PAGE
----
Gestational Diabetes Mellitus Impairs Fetal Endothelial Cell Functions Through a Mechanism Involving MicroRNA-101 and Histone Methyltransferase Enhancer of Zester Homolog-2
Objective—Gestational diabetes mellitus (GDM) produces fetal hyperglycemia with increased lifelong risks for the exposed offspring of cardiovascular and other diseases. Epigenetic mechanisms induce long-term gene expression changes in response to in utero environmental perturbations. Moreover, microRNAs (miRs) control the function of endothelial cells (ECs) under physiological and pathological conditions and can target the epigenetic machinery. We investigated the functional and expressional effect of GDM on human fetal ECs of the umbilical cord vein (HUVECs). We focused on miR-101 and 1 of its targets, enhancer of zester homolog-2 (EZH2), which trimethylates the lysine 27 of histone 3, thus repressing gene transcription. EZH2 exists as isoforms α and β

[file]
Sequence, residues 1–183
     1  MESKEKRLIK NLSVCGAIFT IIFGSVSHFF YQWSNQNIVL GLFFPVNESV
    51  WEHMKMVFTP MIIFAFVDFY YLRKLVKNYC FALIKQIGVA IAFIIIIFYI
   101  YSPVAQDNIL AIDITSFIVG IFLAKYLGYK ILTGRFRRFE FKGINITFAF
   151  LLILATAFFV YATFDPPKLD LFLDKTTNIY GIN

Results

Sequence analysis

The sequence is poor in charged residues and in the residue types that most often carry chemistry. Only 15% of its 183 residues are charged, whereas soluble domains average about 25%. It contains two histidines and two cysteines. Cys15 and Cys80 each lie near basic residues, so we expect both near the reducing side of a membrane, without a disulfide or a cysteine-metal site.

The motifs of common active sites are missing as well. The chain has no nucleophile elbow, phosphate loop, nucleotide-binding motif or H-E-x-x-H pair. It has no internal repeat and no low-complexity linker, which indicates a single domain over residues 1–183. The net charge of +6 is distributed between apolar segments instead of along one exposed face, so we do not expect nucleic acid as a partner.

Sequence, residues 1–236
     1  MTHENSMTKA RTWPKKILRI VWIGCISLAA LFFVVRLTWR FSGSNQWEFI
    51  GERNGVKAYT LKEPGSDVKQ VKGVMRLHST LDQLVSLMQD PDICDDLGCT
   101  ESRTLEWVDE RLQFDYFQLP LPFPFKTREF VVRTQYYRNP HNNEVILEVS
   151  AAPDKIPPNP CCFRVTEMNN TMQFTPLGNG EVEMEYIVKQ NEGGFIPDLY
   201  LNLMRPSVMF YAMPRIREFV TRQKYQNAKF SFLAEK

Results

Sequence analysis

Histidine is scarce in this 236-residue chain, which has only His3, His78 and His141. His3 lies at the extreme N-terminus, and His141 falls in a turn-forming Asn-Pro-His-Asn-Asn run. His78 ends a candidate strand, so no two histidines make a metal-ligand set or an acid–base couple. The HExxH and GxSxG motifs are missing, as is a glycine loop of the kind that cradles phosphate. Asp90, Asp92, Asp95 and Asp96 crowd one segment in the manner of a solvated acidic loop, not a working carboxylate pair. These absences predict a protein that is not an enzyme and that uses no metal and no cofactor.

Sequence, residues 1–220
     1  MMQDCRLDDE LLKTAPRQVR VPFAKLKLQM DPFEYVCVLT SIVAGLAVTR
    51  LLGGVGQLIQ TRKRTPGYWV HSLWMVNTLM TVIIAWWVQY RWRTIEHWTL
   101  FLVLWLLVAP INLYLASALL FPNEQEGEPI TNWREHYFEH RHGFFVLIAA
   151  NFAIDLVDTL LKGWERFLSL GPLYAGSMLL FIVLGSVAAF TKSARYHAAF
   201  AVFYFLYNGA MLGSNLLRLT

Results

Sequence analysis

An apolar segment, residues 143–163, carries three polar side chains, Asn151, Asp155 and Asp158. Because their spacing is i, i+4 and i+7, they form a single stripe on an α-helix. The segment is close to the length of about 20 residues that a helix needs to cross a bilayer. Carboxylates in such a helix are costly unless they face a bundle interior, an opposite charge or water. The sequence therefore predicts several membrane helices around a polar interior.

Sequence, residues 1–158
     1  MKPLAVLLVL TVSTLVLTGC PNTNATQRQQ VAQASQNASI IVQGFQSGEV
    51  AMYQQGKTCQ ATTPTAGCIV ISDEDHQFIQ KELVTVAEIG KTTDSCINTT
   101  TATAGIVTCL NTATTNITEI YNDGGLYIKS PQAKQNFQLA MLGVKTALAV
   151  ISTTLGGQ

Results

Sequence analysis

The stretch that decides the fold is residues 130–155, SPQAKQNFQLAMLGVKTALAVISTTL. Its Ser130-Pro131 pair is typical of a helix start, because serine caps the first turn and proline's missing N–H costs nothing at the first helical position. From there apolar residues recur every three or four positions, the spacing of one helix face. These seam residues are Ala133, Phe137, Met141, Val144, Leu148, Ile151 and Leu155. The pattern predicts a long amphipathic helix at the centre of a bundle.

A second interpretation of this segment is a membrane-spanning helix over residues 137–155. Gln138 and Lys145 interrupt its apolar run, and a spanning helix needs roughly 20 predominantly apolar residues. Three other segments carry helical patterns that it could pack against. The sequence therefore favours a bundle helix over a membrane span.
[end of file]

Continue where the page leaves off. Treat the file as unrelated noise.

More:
Approach and Results—HUVECs were prepared from GDM or healthy pregnancies and tested in apoptosis, migration, and Matrigel assays. GDM-HUVECs demonstrated decreased functional capacities, increased miR-101 expression, and reduced EZH2- β and trimethylation of histone H3 on lysine 27 levels. MiR-101 inhibition increased EZH2 expression and improved GDM-HUVEC function. Healthy HUVECs were exposed to high or normal d-glucose concentration for 48 hours and then tested for miR-101 and EZH2 expression. Similar to GDM, high glucose increased miR-101 expression. Chromatin immunoprecipitation using an antibody for EZH2 followed by polymerase chain reaction analyses for miR-101 gene promoter regions showed that both GDM and high glucose concentration reduced EZH2 binding to the miR-101 locus in HUVECs. Moreover, EZH2-β overexpression inhibited miR-101 promoter activity in HUVECs.
Conclusions—GDM impairs HUVEC function via miR-101 upregulation. EZH2 is both a transcriptional inhibitor and a target gene of miR-101 in HUVECs, and it contributes to some of the miR-101-induced defects of GDM-HUVECs.
- Received January 3, 2014.
- Accepted January 9, 2015.
- © 2015 American Heart Association, Inc.